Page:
In the recent past, health literacy has become an important concept in health promotion, disease prevention and disease management. Basically, health literacy refers to the health-related knowledge and abilities that enable a person to use resources and to make healthy choices in everyday life. When considering the health socialisation of children, health literacy has recently regained increasing attention also. Early childhood years and education are known to be valuable for children`s development and future as well as for health and well-being throughout the life course. The early stages seem therefore to be a promising hook to promote health literacy. Parents and caregivers as well as people who work with and for children have a crucial impact on the health promotion and developmental processes of children and adolescents. They act as health socialisation agents as well as surrogate interfaces with child health and other care systems, and therefore contribute to the development of health supportive behaviours and practices. This in turn means that the health literacy of these adult groups needs to be equally included in the discussions about the health literacy of children.
From a public health and education point of view, health literacy is a broad and multidimensional concept which is content and context specific. It gains greater depth and meaning in the context of social structures, health inequalities, vulnerability to risk factors and diseases, effectiveness and sustainability of health promoting efforts, and access to, availability of, and quality of health and social care. This is especially important given the socio-cultural and economic diversity of today’s modern societies, the impact of the social determinants of health, and the complex socialisation and education processes on the life course. Research in health literacy, therefore, should be conducted using a multifactorial approach from different perspectives, shoud be culturally sensitive, and should aim at supporting the development of effective programs and interventions for individuals, populations, communities, and the public as well as for organisations.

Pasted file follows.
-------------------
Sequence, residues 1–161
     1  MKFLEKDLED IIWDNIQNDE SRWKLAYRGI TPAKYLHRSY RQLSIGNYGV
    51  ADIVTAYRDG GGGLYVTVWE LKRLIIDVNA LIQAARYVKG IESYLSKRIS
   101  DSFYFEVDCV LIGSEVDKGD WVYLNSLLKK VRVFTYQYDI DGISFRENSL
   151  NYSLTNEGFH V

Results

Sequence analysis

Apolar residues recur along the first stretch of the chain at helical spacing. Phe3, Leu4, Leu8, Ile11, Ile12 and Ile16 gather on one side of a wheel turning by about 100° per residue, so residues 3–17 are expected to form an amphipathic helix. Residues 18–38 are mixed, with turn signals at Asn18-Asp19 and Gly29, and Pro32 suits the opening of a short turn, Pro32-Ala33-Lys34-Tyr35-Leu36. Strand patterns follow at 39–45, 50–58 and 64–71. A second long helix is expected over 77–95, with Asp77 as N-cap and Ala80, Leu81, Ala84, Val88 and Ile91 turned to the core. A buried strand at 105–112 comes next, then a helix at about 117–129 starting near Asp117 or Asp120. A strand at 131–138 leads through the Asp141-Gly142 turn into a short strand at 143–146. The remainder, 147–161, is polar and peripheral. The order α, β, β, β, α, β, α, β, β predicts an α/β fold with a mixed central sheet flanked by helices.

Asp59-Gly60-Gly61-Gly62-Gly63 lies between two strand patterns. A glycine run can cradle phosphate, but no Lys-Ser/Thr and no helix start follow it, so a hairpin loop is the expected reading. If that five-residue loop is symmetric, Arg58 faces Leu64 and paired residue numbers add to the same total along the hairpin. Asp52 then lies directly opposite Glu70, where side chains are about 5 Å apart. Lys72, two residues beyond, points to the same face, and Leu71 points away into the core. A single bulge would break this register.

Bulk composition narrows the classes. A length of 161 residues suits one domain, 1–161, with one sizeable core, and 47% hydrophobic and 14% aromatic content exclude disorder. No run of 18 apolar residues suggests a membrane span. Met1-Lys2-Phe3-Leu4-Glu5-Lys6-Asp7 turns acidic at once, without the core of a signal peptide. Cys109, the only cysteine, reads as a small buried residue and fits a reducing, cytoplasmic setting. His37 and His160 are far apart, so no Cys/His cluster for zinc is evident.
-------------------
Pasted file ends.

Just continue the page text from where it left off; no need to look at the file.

The HLCA Consortium
The Health Literacy in Childhood and Adolescence (HLCA) Consortium is a partnership of five German universities that conduct evidence-based health literacy research in ten subprojects for three years from 2015 on. The projects are organised and grouped in three work blocks (WB). WB1 is committed to basic research on health literacy, WB2 is related to mental health literacy, and WB3 to ehealth literacy. While children and adolescent are the primary target population of our research framework, several sub-projects are exploring health literacy in adults and systems affecting children, such as parents, teachers, educators, schools, or social and mental care institutions. Furthermore, the consortium aims at promoting the development, assessment, and evaluation of health literacy interventions for child, adolescent, and adult populations, as well as for health and education professionals.